Barlinnie inside and outside and Justice Secretary Hamza Yousaf.
By Democrat reporter
A number of short-term prisoners nearing the end of their time in custody are to be released early, under measures designed to help tackle the coronavirus (COVID-19) outbreak.
The plan will help prison and healthcare staff to continue to manage safely all those who remain in their care during the outbreak and follows measures taken across the world including elsewhere in the UK.
Regulations will be laid before Parliament so that release can start from 30 April. The scheme will be limited to those sentenced to 18 months or less and who on 30 April have 90 days or less left to serve.
The release of prisoners under the regulations will be subject to exclusions to ensure public protection, such as those who are imprisoned for life or with convictions for sexual offences, domestic abuse or terrorism offences.
It is estimated that around 300 to 450 prisoners who fall within this category will be considered for early release. Other administrations in the UK and internationally have taken the decision to release prisoners in the context of the current COVID-19 outbreak, including France and the Republic of Ireland.
Justice Secretary Humza Yousaf said: “In this exceptional public health emergency, we are taking focused action to protect public safety as well as prisoners, prison staff and the NHS staff and others that work in our prisons.
“Using these emergency release powers, combined with increasing those on HDC (electronic monitoring) will substantially increase the availability of single-cell accommodation across the prison estate, which in turn will help SPS contain the spread of Coronavirus in our prisons. In addition, the resulting reduction in the prison population will allow the prison service to ease restrictions put on prisoners during these challenging times.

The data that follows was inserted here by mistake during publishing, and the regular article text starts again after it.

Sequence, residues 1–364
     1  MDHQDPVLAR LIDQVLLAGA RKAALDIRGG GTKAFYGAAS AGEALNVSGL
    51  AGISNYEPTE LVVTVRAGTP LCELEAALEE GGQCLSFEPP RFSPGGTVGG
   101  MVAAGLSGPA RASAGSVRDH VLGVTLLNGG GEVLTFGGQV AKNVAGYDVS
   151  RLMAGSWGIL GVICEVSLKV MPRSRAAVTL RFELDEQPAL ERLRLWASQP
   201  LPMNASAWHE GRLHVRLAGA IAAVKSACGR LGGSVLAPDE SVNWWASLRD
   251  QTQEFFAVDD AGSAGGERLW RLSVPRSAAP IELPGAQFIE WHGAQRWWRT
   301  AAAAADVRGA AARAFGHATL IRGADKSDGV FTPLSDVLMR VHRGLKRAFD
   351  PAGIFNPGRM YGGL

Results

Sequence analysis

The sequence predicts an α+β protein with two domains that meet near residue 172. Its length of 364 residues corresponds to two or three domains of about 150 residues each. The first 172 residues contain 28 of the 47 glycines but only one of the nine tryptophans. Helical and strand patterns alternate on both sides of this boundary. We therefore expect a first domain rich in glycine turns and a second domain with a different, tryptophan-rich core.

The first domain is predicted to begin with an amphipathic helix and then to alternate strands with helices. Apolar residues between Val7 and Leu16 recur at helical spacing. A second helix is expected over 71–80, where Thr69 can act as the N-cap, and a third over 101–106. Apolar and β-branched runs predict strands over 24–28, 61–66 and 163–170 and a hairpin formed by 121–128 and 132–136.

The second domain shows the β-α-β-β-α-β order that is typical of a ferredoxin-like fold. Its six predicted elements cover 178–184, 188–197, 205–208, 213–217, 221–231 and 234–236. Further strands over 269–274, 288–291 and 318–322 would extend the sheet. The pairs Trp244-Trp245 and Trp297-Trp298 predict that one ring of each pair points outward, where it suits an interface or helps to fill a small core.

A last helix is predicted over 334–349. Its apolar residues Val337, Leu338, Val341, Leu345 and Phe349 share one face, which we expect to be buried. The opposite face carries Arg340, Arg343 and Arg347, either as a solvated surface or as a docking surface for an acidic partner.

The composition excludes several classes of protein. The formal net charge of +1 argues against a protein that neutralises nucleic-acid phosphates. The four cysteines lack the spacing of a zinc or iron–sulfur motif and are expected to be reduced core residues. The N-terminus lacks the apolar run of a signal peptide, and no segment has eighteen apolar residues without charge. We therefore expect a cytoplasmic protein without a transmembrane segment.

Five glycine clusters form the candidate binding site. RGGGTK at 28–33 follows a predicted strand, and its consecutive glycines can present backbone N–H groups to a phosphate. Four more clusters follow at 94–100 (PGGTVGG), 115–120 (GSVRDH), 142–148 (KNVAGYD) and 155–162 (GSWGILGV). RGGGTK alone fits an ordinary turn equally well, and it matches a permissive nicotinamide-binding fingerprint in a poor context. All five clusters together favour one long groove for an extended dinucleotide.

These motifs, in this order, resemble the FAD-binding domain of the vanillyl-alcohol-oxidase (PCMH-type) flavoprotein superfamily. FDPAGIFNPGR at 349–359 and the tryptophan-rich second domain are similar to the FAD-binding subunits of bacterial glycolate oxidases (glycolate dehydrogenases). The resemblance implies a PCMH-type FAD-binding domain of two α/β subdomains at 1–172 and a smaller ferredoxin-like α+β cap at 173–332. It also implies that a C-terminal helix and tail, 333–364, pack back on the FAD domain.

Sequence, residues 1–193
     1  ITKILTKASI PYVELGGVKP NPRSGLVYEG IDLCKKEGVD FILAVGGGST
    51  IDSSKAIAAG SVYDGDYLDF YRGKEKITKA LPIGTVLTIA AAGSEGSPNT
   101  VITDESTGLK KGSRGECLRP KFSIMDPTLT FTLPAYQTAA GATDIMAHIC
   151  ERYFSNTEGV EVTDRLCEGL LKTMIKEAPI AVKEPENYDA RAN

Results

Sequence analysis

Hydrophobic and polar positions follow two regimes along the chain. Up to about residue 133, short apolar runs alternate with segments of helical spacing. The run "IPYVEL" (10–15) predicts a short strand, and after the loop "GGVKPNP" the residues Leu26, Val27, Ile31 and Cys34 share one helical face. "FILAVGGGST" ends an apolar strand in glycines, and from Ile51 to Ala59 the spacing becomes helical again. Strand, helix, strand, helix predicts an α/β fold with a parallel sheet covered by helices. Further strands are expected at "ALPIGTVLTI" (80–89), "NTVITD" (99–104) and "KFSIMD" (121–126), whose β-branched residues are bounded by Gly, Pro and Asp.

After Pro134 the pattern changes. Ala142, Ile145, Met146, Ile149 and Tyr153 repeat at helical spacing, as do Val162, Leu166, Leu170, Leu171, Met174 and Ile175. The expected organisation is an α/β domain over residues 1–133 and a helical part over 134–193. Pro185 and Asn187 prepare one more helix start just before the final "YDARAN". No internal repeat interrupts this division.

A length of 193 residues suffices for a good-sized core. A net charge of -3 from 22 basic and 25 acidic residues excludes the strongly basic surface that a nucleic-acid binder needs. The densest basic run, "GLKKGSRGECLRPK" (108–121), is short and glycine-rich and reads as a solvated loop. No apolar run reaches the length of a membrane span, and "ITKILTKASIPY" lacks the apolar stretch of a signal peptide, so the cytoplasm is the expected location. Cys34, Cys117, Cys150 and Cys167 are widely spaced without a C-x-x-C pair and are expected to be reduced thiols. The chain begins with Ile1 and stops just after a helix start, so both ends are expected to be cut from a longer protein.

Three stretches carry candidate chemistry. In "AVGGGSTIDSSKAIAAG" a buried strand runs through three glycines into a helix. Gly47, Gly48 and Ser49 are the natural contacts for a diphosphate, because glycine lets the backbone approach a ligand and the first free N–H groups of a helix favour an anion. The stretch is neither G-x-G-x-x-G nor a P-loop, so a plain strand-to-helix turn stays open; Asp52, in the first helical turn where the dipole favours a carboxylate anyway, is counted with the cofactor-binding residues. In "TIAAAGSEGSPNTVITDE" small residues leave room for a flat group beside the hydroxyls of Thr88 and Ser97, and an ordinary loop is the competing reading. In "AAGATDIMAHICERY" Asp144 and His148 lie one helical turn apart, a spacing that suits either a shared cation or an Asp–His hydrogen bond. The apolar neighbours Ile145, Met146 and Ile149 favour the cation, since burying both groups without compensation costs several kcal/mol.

“The Scottish Prison Service has had to make significant changes to how they operate already in just a few weeks, with family visits paused, restricted activities and additional time in cells for those in their care. We must help staff to manage prisons in a sustainable way over the weeks and months ahead. This latest step – based on the emergency powers passed by MSPs earlier this month – will give them greater capacity to help ensure a safe custodial environment.
“The pace of recent events has been rapid and, in the available time, we have been working with the prison service and community justice partners to consider what appropriate arrangements can be put in place for a number of individuals to be considered for return to their homes and families, just a few months or even weeks before they were otherwise due to be released.
“The SPS is proactively working to increase numbers on Home Detention Curfew (electronic monitoring), however the capacity for HDC is limited by the current lockdown and social distancing measures. It is clear we will must use emergency release powers over and above HDC.
“This is not a decision that I have taken lightly, and I want to assure the victims of crime that this does not diminish what they have suffered. In these exceptional circumstances, I must consider actions that best reduce the prospect of further harm both in prisons and the wider community of which they are part.